Ocean Wave
By Thomas Parker Williams
Philadelphia, Pennsylvania: Thomas Parker Williams, 2010. Edition of 5.

15 x 14.5 x 2" closed; 15 x 14.5 x 45" open. Multi-panel cut-paper 3D model. Multi-color reduction linocut print, 10" x 42". Paper-covered hard-bound case. Signed and numbered by the artist.

Thomas Parker Williams: "This multi-part artist book constructs a virtual ocean wave by using sequential random numbers and a simple mathematical formula. The virtual wave is represented as it would appear in nature from two perspectives: A 3D paper model and a reduction linocut print. The pull-out three-dimensional paper model has thirty-two sequential paper wave cross sections covering an area of 15" x 40". A 10 x 42" multi-color linocut print is a pictorial representation of the cross sections.

"To establish the physical characteristics of this wave, I am using data and formulas from a classic work on wave forecasting developed after World War II. Conditions chosen were: 50-knot wind, typical wave height 40 to 50 feet, typical wave length 700 feet, with a ratio of wave length to height of 15 to 1. The 3D paper model is constructed at a scale of 1=300 or 1" = 25 feet. The linocut print image is based on the 3D model and augmented using written descriptions of actual wind conditions as well as reference photographs from the Beaufort Wind Scale. However, the linocut image does not exist in photographic form.

"Deriving the wave shape: All wave forms are sequential objects defined by a series of points moving through space and time creating an oscillating motion and a periodic repetition of the basic wave form. Since ocean waves are basically sinusoidal, I derived the virtual wave by using a sine function with a random number component. This produced an irregular sine wave approximating what might exist in nature .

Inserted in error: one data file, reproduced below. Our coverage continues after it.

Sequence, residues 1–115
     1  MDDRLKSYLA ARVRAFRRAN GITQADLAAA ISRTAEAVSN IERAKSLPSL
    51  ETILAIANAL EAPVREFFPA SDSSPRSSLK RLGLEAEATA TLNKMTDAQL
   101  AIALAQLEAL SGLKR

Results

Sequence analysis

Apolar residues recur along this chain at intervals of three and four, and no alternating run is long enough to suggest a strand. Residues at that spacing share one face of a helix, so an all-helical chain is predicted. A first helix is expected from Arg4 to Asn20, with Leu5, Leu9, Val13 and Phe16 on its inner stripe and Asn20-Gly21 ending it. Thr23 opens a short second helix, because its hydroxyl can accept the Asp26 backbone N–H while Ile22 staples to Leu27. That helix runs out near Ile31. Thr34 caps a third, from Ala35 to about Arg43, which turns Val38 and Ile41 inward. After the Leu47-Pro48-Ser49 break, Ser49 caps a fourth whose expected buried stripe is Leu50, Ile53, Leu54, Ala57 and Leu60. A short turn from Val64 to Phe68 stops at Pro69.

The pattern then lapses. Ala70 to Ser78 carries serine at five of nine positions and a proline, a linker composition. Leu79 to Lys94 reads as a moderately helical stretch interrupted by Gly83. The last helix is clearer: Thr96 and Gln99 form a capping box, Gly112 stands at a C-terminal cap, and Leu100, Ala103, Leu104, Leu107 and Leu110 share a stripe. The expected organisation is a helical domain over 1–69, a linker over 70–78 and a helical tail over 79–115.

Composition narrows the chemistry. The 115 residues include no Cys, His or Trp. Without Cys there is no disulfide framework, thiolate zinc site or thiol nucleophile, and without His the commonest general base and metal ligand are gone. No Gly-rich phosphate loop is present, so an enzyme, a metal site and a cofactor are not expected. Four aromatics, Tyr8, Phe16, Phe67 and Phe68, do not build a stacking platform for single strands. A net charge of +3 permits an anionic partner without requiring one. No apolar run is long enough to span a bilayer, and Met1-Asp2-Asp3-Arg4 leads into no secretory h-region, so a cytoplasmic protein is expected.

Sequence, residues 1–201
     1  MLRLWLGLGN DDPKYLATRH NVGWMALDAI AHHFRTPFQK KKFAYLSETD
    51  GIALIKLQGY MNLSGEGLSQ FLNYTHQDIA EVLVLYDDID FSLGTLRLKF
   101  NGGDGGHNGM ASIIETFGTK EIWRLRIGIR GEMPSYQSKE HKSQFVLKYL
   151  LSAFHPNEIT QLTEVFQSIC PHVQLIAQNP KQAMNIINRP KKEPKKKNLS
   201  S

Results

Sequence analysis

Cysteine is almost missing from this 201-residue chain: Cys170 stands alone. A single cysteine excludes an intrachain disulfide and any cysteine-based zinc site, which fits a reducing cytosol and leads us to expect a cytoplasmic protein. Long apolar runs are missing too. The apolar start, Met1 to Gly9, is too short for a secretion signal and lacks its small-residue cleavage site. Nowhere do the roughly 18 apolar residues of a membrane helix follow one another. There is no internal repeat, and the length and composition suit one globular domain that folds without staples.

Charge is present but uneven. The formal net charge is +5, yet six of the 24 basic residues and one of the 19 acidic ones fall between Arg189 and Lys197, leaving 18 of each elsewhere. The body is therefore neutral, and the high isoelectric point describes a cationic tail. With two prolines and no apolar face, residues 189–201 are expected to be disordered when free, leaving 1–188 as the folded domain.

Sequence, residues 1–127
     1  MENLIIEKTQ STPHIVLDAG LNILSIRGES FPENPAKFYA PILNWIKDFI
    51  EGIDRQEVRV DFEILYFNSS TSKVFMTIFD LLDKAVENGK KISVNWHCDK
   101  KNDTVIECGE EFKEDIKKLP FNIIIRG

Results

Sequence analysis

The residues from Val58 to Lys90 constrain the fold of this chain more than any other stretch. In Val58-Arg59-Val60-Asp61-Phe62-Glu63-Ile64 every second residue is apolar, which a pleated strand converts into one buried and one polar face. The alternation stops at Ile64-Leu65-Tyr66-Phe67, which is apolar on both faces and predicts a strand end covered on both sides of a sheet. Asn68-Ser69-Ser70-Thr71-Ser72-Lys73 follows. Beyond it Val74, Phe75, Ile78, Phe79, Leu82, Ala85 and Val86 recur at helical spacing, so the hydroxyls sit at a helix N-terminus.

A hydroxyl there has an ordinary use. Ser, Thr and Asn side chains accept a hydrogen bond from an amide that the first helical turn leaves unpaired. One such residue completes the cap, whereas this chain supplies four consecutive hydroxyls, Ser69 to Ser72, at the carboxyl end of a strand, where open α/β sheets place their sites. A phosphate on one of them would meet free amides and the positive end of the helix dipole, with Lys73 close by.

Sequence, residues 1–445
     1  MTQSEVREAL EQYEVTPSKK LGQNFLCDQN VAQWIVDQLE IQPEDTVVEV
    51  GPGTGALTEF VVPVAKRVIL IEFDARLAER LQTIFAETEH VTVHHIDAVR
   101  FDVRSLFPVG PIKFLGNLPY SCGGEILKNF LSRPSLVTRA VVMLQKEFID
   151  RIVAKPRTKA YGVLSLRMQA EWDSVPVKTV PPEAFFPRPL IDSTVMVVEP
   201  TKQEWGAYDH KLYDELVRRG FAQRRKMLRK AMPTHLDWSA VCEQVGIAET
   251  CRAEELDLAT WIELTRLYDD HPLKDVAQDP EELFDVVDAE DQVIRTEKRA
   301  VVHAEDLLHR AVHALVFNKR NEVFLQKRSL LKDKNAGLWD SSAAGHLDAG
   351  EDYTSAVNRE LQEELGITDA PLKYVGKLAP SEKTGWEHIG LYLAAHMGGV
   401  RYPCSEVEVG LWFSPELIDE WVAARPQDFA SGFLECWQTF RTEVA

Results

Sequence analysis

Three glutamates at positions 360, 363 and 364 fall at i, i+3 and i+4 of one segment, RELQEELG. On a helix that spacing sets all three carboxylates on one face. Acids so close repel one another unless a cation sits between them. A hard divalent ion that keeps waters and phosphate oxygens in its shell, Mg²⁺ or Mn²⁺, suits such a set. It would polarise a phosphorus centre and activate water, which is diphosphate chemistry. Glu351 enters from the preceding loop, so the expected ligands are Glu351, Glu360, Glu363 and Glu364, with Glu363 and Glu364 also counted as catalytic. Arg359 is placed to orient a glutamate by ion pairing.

"Creating the sequence of wave cross sections: Using the principles of self-similarity in nature I used a simple feedback function to create a sequence of cross sections of the original wave shape at different relative scales. I used 3D CAD software to draw a 3D computer model of the wave and chose an area of this 3D computer model for the paper model. I printed the thirty-two individual cross sections and modified them, by hand, to produce the slight alterations that actual wind conditions would produce. I then used a saw to cut the sections out of the paper and assemble the model. The result: 32 cross sections, in sequence, form a three dimensional representation of the wave.

"Illustration: The resulting sections were modified, by hand, to produce the slight alterations that actual wind conditions would produce. The model was then assembled."